Amy W Ray

Partner

Washington, D.C.


Read full biography at www.orrick.com

Amy Ray represents clients in high-profile U.S. and international antitrust matters. She focuses on transactions, litigation, investigations, and counseling with a competition nexus.

She regularly advises on substantive antitrust analyses of business combinations and antitrust compliance, including vertical pricing and distribution issues. Amy has substantial counseling experience in strategic transactions as well as in providing advice to financial investors on issues related to the Hart-Scott-Rodino Act.

Global Competition Review featured her as one of its “40 Under 40 – Class of 2016” antitrust lawyers in its global survey.

Amy is also a Fellow of the Litigation Counsel of America. She has recently defended litigation clients in antitrust suits spanning the municipal derivatives, credit default swaps, precious metals, and technology industries.

Among her other notable representations are transactional matters at the intersection of antitrust and technology, including her key role in Microsoft Corporation's acquisitions of LinkedIn, the largest in Microsoft’s history (winner of Global Competition Review's “Merger Control Matter of the Year – Europe” in 2017); the company’s acquisition of Skype (winner of Global Competition Review's “Merger Control Matter of the Year – Europe” in 2012); and in the clearance of numerous intellectual property acquisitions.

Her pro bono matters include a case for which the Washington Lawyers' Committee for Civil Rights and Urban Affairs recognized her case team for its contribution to fair housing litigation. She also served for several years on the prestigious U.S. National Women's Law Center Leadership Advisory Committee.

Amy is a member of the inaugural Law360 Competition Editorial Advisory Board. She received her J.D. from Harvard Law School, where she was an Equal Justice Fellow, and a B.A. from the University of Virginia with Highest Distinction.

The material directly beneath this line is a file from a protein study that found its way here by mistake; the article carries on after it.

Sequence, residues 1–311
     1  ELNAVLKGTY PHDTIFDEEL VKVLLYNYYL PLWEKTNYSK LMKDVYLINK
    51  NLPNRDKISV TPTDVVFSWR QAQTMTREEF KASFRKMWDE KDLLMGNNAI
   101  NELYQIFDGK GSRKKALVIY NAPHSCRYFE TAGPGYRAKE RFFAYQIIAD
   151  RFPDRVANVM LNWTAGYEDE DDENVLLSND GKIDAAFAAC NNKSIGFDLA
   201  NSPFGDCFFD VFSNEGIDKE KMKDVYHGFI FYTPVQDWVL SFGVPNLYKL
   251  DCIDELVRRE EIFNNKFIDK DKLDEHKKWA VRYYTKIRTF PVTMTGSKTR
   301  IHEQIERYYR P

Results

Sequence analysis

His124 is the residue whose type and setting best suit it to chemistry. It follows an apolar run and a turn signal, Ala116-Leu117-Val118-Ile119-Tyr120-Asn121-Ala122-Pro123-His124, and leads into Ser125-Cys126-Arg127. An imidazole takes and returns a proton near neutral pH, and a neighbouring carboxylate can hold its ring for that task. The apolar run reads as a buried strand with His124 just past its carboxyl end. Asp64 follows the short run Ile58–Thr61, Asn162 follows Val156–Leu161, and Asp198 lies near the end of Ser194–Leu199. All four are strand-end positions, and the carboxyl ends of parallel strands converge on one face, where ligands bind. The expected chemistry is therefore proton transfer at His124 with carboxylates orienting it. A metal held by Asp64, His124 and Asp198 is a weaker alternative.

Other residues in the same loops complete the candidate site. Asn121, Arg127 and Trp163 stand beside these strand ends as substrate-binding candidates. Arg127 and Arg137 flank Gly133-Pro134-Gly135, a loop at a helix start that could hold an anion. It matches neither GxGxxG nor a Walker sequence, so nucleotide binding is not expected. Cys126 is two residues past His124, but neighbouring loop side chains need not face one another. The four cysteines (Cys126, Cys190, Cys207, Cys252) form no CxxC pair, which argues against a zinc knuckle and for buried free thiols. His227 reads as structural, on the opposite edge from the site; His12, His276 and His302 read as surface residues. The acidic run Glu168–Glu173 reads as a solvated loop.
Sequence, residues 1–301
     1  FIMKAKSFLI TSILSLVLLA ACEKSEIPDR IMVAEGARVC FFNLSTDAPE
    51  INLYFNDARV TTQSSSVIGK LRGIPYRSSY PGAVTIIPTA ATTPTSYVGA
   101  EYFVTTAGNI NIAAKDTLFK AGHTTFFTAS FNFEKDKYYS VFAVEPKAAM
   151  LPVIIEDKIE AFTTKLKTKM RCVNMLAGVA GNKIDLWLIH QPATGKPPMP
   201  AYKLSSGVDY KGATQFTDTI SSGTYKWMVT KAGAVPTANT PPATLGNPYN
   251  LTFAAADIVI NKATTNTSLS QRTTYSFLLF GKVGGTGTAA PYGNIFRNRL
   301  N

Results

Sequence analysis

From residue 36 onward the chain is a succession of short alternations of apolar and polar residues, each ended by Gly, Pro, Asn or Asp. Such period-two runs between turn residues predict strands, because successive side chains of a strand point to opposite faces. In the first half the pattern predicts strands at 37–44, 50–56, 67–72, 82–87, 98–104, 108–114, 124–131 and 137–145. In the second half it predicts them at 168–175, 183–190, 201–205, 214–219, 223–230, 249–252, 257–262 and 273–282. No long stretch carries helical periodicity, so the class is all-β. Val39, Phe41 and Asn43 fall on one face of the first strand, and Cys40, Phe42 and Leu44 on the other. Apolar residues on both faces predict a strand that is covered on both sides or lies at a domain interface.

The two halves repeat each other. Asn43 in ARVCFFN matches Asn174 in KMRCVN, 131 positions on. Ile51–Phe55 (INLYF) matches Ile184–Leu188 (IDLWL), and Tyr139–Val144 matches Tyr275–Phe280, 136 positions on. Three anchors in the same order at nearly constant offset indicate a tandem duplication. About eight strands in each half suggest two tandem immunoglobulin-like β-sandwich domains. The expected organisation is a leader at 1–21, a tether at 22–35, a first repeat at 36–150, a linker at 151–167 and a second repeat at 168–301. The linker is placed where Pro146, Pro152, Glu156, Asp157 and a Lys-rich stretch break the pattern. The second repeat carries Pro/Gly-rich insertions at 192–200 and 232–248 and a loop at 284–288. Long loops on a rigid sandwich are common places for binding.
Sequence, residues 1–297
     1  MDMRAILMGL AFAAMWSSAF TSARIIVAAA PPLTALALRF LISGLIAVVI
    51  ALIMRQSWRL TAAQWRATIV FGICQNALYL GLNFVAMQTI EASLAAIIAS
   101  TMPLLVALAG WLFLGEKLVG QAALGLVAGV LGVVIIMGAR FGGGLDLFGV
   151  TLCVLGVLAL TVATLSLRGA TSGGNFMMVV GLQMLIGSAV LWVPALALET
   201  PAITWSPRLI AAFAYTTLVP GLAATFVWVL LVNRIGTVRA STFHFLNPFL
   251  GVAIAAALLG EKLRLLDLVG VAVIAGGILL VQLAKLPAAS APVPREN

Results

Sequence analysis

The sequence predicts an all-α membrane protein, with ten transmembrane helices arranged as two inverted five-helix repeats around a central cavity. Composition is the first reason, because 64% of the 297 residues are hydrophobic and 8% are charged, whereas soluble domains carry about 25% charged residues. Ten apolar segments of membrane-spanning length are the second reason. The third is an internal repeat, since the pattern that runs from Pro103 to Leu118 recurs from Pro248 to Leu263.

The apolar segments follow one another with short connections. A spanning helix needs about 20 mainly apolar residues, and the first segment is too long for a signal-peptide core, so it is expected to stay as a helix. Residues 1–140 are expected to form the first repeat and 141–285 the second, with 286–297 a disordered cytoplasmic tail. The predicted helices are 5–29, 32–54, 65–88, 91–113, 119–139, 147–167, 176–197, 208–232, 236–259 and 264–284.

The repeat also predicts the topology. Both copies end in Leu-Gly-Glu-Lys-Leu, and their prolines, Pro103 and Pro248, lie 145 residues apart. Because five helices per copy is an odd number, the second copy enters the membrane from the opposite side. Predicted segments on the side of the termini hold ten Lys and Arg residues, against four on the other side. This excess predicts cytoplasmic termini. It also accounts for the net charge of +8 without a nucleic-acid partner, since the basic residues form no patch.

Posts by: Amy Ray

No Signs of Slowing Down — Global Antitrust Agencies Focus on Big Tech

Earlier this year, we covered the widespread interest in tech giants among international competition authorities, as well as the potential for divergence in intensity and type of enforcement across jurisdictions. We observed that while the U.S. enforcement agencies did not appear to support a regulatory approach to platforms and the digital economy, others like the Australian Competition and Consumer Commission (ACCC) and the UK Parliament’s Digital Culture, Media and Sport Committee may have a stronger appetite for proactive regulation.

Since that post, competition authorities, both U.S. and other, have intensified their focus, with activities ranging from sector-wide studies to investigations into individual tech companies.

For example, the U.S. Department of Justice Antitrust Division (DOJ) recently announced a broad review of whether online tech companies have harmed consumers or otherwise reduced competition. The probe will cover leading online platforms in “search, social media, and some retail services” and will focus on “practices that create or maintain structural impediments to greater competition and user benefits.”

That DOJ announcement is part of a broader effort by the U.S. antitrust enforcement agencies to address competition in the tech sector. Days later, the Attorney General met with eight State AGs who reportedly are considering opening their own investigations. The FTC launched a tech task force back in February (in addition to its recently concluded hearings on competition and consumer protection) and last month opened a formal antitrust investigation into Facebook (according to a recent press release accompanying Facebook’s Q2 earnings report). Reports also have emerged of FTC information requests to third-party resellers on Amazon. Even the Antitrust subcommittee of the U.S. House Committee on the Judiciary has held a hearing on online platforms and market power as part of its separate investigation.